It would have been nice to break the record today after sweating out in the garden this morning, but at least we did restart the 90 degree counter for this season…it was Day #1. A minor marine push has occurred over the last few hours which means a cooler day tomorrow. The upper-level ridge isn’t budging much through the weekend, so no big cooling trend for now. These "northwesterly" pushes often don’t get much cloud cover into the interior in the mornings, so still mostly sunny skies the next 3 days. We stay mild Friday, but then Saturday an approaching strong trough allows the ridge to strengthen ahead of it. That pulls the warm air back to the west, so we should be back in the 85-90 degree range then. One change in the 00z models is a slowing of the progression of the trough inland. It probably won’t move in until Monday, so Sunday should still be quite warm. With straight southerly upper-level flow both Saturday and Sunday, we’ll have to be on the watch for possible storms over or even west of the Cascades. Then a strong marine push and weak front drop temps about 20 degrees for Monday. So enjoy 4 more days of summer, then it’s back to May-like weather next week…Mark
A nice little warmup today. Some spots in the metro area jumped more than 40 degrees from sunrise until this afternoon. The east wind always does it in the warm season, especially after a cool period (such as this weekend). Notice how the east wind was strong enough to "cap off" temperatures just a bit. I expected that, so I didn’t go for 90 today…tomorrow will be a different story.
At 11pm we have a thermal trough just inland from the coastline. It is created when easterly wind higher up in the atmosphere (4,000′ or higher) blows over the Cascades and/or Coast Range. That lowers pressure in the lee (west side) of the mountains, creating an area of low pressure we call a thermal trough or "heat low". It moves into the Willamette Valley throughout the entire day tomorrow. So the sequence of weather events is for easterly flow to continue through the early morning hours, then we go calm in the valleys through tomorrow evening. Then after 5pm or so cooler marine air pushes into the interior. This is a perfect setup for record heat tomorrow. A very similar event occurred two weeks ago on May 14th-15th. Temperatures ended up much warmer than "expected". The June version of my little "Mark Nelsen magic chart" still says 91-93 tomorrow, so no reason to stray from the 92 degree forecast. That will be a record for the date. All models show a shallow marine push tomorrow night, continuing into Friday. Saturday should be just a bit warmer as a strong trough offshore develops brief ridging again over eastern Oregon/Washington. So you can count on a summery Saturday. Sunday is up in the air since some models bring that trough inland by Sunday afternoon…others don’t. I assume slower is the way to go for now. A sharp cooling on the way for Monday either way though…Mark
Just for fun, here is a little bit of "inside" gossip about TV stations and the competitive pressures of forecasting nowdays in Long Range Forecasts.
It’s very gratifying to take 3 days off work, come back, and find almost the exact same forecast you left the week before. That’s the case tonight. The cold trough that over the weekend moved through the Northwest is now into the Northern Rockies. An upper-level ridge of high pressure is developing just to our west and it moves directly over the West Coast over the next few days. This gives us another round of downslope easterly wind. Of course in the warm season, this is a hot wind so today’s 68 degree high will be just a memory by tomorrow afternoon. Remember that a couple weeks ago we went from 59 to 81 in just one day in the same quick switch from onshore to offshore windflow. It appears that a thermal trough develops over the coastline by daybreak, then shifts over the Coast Range later tomorrow afternoon. That gives a brief period of offshore wind even to the beaches in the morning. That’s why I had such high temperatures in the Coastal forecast tonight. Inland temperature forecasting is a bit simpler. 850 mb temp of +15 to +16 with "perfect" offshore flow (tomorrow), can give us as high as 90-91 at PDX. However, I think the wind may be quite breezy even all the way to the airport, which can reduce heating, so I left it at 88. Wednesday should be warmer since we still have easterly flow in the morning, then it goes calm in the afternoon. But still no onshore flow at that point, so 91-94 is a good bet then. A decent, but not major, marine push for Thursday drops us down into the mid 80s. Same thing for Friday with a few degrees more cooling.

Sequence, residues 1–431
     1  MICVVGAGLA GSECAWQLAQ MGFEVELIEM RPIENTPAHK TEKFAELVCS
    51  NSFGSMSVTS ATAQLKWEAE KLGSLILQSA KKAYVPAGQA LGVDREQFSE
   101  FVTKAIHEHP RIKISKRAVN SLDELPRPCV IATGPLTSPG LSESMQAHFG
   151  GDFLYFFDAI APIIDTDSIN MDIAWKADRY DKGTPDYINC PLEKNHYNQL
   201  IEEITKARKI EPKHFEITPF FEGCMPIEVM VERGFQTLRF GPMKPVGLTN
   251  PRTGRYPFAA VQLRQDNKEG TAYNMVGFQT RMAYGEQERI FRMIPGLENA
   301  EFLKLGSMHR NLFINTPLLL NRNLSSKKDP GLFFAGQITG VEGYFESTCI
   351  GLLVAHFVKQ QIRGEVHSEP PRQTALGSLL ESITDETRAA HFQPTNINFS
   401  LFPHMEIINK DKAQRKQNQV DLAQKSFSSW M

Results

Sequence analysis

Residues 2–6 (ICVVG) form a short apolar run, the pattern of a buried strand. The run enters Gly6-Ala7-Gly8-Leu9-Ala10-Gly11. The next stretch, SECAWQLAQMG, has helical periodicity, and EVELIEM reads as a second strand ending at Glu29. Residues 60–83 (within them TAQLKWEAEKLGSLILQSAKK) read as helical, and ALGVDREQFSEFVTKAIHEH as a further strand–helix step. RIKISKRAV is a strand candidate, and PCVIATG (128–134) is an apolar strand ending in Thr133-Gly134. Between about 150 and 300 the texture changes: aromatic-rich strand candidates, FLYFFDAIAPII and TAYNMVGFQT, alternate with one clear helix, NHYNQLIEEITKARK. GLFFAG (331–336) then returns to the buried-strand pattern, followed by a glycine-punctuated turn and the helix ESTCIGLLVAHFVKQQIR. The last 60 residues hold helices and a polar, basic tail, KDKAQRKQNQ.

The weekend looks interesting with a sharp trough developing way offshore Saturday, then swinging onshore later Sunday. That setup will pull the thermal trough back over the westside or at least over the Cascades for a warmer day. Then when the trough arrives sometime later Sunday or Monday, we get a major marine push west of the mountains. This will probably be one of those 20-25 degree one-day temperature drops. Also, it can be a severe thunderstorm pattern east of the Cascades too. Enjoy the warmer temperatures the next few days…I know my freshly sprouted corn and cucumbers will! Mark